- Understand the "gist", i.e. conceptual context, information needs,
assumptions made, and
interpret the nature and general usefulness of findings
of more complex types of analysis (example: cohort analysis,
input-output analysis, linear programming, and others, based on the
premise that the hands-on use of facilitating software and
expansive data sets and
executions of more sophisticated calculations are covered by
400-level classes such as Geog. 440, 445 and 471 or requires further
training and experience).
- Compare the use of input-output-derived multipliers for impact
analysis with that for
forecasting the performance of the local economy over the next
- Understand and derive insights from local economic reports, impact
analyses and media accounts of local economic developments and the
operations of major local corporations such as Microsoft, Boeing,
Nordstrom, Costco, Weyerhaeuser etc.
Interpret to third parties (a future employer?) the
frequent, usually poorly explained
references to the "multiplier" (typically using different names) in local
papers and suggest which multiplier (from among different versions of
multipliers) might actually be underlying the newspaper account.
- Summarize, identify key findings, suggest implications (other than
those already provided) and critique one of Richard Conway's (or an
alternative) report / impact analyses of a local economic sector, activity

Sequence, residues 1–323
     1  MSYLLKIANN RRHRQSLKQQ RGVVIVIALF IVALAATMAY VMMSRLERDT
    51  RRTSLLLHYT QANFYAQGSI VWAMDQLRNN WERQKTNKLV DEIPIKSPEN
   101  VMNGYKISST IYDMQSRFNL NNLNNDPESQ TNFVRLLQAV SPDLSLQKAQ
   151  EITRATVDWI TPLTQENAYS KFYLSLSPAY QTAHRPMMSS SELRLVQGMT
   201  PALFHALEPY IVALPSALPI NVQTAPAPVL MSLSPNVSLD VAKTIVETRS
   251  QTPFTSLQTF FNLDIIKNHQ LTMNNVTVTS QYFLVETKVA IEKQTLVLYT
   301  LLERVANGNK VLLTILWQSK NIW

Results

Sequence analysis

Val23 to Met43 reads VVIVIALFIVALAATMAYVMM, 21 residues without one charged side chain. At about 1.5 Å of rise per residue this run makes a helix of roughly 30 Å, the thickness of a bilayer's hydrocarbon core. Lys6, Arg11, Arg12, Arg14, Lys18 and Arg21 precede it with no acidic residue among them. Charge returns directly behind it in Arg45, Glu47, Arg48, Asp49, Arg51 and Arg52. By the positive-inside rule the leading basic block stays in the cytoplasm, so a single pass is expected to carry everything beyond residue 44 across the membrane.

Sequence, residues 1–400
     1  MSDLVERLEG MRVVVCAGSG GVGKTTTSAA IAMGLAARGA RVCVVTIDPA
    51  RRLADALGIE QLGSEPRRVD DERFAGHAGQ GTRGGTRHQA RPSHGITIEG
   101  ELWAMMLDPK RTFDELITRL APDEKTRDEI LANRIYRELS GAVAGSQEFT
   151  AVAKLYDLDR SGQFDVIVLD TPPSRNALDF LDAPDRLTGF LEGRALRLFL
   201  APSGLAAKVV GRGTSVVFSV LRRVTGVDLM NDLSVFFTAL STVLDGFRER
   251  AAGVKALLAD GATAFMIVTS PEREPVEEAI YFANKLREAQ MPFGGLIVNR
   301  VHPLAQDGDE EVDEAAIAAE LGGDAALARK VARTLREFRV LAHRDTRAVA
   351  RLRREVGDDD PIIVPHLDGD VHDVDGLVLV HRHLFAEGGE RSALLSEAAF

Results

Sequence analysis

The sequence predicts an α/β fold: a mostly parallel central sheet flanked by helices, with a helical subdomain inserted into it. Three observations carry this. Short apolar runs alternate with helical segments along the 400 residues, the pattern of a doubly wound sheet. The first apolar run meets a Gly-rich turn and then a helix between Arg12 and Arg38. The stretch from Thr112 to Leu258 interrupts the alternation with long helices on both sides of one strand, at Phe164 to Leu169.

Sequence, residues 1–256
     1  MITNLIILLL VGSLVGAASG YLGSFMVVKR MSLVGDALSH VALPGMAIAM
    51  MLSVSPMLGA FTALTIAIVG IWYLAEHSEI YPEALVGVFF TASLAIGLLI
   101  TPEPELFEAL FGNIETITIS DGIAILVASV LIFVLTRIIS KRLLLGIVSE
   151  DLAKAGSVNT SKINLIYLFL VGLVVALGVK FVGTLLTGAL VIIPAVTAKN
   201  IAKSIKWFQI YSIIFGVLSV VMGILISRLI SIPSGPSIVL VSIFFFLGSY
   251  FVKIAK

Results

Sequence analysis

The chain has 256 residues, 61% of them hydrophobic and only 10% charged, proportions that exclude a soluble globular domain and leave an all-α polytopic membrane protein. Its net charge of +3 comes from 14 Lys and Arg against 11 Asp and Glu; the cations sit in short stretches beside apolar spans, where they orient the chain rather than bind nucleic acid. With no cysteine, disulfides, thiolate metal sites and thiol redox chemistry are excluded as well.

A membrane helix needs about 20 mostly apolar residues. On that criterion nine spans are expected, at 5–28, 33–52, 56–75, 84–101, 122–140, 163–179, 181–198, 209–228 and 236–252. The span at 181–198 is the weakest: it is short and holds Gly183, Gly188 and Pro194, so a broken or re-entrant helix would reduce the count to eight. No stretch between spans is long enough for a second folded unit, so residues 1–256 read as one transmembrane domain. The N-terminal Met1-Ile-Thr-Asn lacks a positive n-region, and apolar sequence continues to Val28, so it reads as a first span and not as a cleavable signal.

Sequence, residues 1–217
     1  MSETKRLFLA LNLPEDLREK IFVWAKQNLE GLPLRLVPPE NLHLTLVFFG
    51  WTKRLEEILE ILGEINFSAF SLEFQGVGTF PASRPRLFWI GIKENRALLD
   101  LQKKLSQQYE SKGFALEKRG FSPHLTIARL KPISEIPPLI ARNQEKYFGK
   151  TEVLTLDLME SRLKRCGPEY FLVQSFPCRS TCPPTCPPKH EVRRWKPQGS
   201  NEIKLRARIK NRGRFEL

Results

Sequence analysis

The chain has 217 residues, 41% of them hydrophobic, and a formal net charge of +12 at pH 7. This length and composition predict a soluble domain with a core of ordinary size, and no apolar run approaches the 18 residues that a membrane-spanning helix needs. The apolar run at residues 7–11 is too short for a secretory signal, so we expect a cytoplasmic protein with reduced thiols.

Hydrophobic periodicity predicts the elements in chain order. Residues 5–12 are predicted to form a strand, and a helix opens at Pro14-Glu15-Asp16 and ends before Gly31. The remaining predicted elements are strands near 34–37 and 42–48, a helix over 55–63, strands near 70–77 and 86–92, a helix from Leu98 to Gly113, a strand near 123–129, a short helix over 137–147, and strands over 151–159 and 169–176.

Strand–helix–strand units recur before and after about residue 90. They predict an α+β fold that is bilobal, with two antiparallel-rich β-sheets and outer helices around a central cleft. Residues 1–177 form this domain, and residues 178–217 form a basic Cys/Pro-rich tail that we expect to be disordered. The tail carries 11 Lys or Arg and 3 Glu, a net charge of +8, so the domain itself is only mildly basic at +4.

- Appreciate the need for and gain access to
sources of information other
than those associated with class meetings and textbook;
evaluate the quality and reliability of such information.
- Access, evaluate, extract and utilize information from a
variety of sources available on campus, in the community or electronically
for preparing and executing rudimentary forms of regional/local economic
- Understand the differences between "numbers", "data" and
the significance of these differences for securing appropriate statistics
for local & regional analytical ends.
- Evaluate critically the quality and reliability of information sources
in light of the research question(s), the costs and benefits of that
information and the information from
alternative sources and (last not least) the availability of alternative
analytical methods with different information needs.
- Review and evaluate relevant (online or on-paper) journal articles,
reports and compose brief reports
on the content and significance of this literature.
Practice and improve (widen & deepen) already existing writing,
development, information resource, collaboration and presentation skills
and -- selectively -- add to such skills.
- Present to a group of informed people (such as all members of the
class) an area of interest which has been pursued during the quarter by a
student and to which specific conceptual insights and analytical tools
have been applied. Such a presentation should reflect the student's
collaboration with other students in the class and make use of one or a
combination of the following presentation tools:
(a) a Website; (b) a Poster; (c) a set of handouts together with overheads
using Powerpoint or another appropriate software.
In addition, all weekly class exercises have to be made available on time
on the student's own Website.
Return to Econ & Bus Geog ||
Courses & Profiles